A big surge in COVID-19 cases this week in Elko County means residents are 10 times as likely to be exposed the virus as they were at the beginning of autumn.
When Dr. Deborah Birx visited with city and county officials at the end of October she predicted a major increase once the weather turned cold. Her prediction was correct, only it turned cold here much sooner than she was expecting.
This week we asked Elko Daily readers whether the rising case numbers made them more likely to wear face masks in public. Nearly two-thirds said they have already been doing so.
This was not a scientific poll by any means, but the results seem to match what we have seen when venturing out in public. The problem is that two-thirds compliance is not enough to slow a virus that spreads as easily as COVID-19. If two-thirds was enough, we would not be seeing the alarming rise in numbers that we are seeing today.
By the time this newspaper reaches homes on Saturday morning the total number of people infected by the coronavirus since the pandemic began will likely have reached 2,000 or more – roughly 4 percent of Elko County’s population.
The majority of those people either did not get sick or had symptoms similar to the flu. For others – older people, and those with underlying medical problems such as cardiovascular disease, diabetes, chronic respiratory disease, and cancer – it has resulted in serious illness or death.
Hospitalizations in Elko County jumped from five at the end of October to 18 by Nov. 4 and now stand at 14. Deaths have nearly doubled from eight at the start of autumn to 15 as of this week.
Wearing a mask in public would seem to be the courteous thing to do for anyone concerned about our most vulnerable residents. Yet resistance remains high. One out of four people who responded to our poll said they do not believe masks do any good.
Confusion about the efficacy of masks was understandable in the early days of the virus. Early recommendations from public health experts such as the World Health Organization did not include the widespread use of face masks. The fear was that there would not be a big enough supply for health professionals and the public at large.
That advice changed, and Elko County has been recommending face masks for months now. Nevada Gov. Steve Sisolak even issued a statewide mask mandate at the end of June, although it did not include any enforcement provisions if someone chose not to wear one. The only penalties have been fines against businesses that do not enforce the mandate.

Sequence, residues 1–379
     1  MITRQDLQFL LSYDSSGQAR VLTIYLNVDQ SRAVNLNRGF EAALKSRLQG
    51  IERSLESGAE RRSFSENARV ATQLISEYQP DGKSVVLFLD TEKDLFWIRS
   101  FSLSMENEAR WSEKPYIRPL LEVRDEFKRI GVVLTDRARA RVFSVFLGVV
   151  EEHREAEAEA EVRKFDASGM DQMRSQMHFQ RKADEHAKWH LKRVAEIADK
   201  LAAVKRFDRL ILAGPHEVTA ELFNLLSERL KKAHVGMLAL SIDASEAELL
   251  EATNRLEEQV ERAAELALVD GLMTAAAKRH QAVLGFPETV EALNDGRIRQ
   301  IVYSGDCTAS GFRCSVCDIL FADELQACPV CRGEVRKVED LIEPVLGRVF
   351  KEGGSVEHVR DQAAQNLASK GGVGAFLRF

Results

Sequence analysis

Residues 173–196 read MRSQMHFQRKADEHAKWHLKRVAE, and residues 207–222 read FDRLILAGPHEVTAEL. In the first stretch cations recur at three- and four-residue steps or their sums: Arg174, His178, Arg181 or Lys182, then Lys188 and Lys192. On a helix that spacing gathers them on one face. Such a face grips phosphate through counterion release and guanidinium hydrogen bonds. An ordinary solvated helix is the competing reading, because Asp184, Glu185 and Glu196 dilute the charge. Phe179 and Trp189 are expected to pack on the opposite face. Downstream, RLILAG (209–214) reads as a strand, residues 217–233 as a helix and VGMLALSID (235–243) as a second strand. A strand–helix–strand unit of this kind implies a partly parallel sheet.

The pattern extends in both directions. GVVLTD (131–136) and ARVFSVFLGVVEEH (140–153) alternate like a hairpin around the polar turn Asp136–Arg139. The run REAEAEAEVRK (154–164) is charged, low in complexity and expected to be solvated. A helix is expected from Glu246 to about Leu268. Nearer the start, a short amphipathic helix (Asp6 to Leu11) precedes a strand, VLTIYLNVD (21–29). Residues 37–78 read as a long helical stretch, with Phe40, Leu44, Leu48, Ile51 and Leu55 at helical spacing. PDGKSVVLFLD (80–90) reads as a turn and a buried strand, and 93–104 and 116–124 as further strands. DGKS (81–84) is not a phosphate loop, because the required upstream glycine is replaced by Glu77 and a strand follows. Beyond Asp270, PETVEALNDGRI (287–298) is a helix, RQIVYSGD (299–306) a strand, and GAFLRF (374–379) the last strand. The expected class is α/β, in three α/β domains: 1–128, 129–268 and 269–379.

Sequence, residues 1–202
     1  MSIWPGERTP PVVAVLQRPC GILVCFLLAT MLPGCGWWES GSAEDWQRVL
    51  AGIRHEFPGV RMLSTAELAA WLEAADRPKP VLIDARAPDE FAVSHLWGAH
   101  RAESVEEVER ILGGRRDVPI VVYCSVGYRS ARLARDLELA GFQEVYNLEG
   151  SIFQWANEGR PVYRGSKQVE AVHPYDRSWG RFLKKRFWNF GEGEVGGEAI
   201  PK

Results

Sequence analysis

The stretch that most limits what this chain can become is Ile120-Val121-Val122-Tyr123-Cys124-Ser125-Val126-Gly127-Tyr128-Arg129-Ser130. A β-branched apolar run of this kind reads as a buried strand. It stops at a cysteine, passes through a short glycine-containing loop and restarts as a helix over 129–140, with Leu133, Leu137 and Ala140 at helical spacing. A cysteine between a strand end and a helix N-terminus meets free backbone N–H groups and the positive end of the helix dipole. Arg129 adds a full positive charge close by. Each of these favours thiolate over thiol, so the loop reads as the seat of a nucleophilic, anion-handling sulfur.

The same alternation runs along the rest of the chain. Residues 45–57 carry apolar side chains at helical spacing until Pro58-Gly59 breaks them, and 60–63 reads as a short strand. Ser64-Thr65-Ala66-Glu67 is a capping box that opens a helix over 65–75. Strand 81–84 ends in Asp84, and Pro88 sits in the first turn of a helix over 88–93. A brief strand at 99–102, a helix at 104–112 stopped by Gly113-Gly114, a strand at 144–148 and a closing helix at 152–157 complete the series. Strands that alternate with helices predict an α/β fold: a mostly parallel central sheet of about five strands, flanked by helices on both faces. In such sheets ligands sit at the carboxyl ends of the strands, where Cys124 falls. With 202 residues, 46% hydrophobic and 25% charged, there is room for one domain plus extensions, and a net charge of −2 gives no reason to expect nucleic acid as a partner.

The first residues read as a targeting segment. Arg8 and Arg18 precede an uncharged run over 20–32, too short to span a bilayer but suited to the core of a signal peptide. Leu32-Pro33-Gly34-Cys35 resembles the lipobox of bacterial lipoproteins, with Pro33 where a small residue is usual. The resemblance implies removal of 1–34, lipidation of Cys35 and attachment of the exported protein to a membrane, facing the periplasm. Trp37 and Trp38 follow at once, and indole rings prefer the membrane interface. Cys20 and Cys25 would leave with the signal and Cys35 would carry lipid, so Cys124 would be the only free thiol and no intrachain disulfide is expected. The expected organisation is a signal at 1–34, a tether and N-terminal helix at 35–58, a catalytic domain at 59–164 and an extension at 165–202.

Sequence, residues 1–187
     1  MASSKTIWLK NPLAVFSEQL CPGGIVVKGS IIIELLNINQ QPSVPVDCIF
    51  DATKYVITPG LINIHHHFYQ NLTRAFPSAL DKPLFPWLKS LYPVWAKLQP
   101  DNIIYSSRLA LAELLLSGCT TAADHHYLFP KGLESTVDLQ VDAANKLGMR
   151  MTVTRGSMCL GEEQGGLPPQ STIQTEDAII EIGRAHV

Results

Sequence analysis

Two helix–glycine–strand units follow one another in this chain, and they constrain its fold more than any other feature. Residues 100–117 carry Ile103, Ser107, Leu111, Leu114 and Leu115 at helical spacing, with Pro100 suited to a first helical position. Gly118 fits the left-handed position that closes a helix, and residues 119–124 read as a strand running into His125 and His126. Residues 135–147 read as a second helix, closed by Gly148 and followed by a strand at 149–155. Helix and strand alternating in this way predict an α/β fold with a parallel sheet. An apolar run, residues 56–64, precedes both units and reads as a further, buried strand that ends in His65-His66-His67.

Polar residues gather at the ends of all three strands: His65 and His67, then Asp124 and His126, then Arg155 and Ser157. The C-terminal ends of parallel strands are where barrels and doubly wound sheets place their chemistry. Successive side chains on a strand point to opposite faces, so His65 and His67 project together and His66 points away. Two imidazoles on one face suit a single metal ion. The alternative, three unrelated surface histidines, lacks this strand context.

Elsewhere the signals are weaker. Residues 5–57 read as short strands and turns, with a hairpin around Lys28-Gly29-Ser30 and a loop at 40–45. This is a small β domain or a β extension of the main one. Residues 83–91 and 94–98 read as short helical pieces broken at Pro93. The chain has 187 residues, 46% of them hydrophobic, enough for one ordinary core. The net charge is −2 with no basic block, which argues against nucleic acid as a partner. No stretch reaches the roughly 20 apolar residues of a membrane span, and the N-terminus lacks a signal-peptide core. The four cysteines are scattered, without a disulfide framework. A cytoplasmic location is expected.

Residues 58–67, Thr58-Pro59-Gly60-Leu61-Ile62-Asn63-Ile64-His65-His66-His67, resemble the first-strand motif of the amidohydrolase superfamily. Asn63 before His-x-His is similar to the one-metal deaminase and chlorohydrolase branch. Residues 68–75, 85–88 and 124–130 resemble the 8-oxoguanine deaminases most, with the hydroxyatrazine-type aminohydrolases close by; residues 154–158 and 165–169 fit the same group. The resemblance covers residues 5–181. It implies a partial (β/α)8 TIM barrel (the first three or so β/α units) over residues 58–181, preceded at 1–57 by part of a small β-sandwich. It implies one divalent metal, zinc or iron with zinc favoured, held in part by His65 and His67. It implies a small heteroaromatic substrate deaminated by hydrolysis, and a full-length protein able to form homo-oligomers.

This week, Sisolak warned Nevadans that new restrictions could be coming in two weeks if the surge is not brought under control. Like in many other states, Nevada’s hospitals could soon be reaching capacity because of the increase in patients.
With the possibility of another “lockdown” looming, or increased restrictions on businesses, it makes sense to take any steps possible to reduce the spread of coronavirus in our community. The dynamics behind this happening go beyond political pressures, as we have seen our governor take an approach similar to what President Trump has been so widely criticized for.
As the virus surges, both state and federal levels of government have been leaving it up to local governments to set their own restrictions. This sounds like “passing the buck” but it isn’t. Our governor was thoroughly pounded over his earlier “one size fits all” approach to handling the virus in Nevada.
Any well-measured public health actions need to be taken on the local level to be effective without being overbearing. What remains to be seen is whether local governments will rise to the challenge. Here in Nevada, hospitals in the Reno and Carson City area are “on the verge of being overwhelmed,” the Reno Gazette Journal reported Friday, yet Reno’s mayor still had not imposed a mask mandate.
Even with masks, the Centers for Disease Control notes that social distancing must be practiced to prevent the spread of COVID-19.
Seven percent of our poll respondents said they are concerned enough about the latest surge in coronavirus to begin wearing a mask. Another 3% said they would try to wear one more often.
If they do, that will raise Elko’s mask compliance from two-thirds to three-quarters of our 50,000-plus residents.
Here is what the CDC currently advises, if we want to keep our hospitals from the point of rationing care:
- People age 2 and older should wear masks in public settings and when around people who don’t live in their household.
- Masks offer some protection to you and are also meant to protect those around you, in case you are unknowingly infected with the virus that causes COVID-19.
- A mask is NOT a substitute for social distancing. Masks should still be worn in addition to staying at least 6 feet apart.
- Wash your hands with soap and water for at least 20 seconds or use hand sanitizer with at least 60% alcohol after touching or removing your mask.
- Masks may not be necessary when you are outside by yourself away from others, or with other people who live in your household.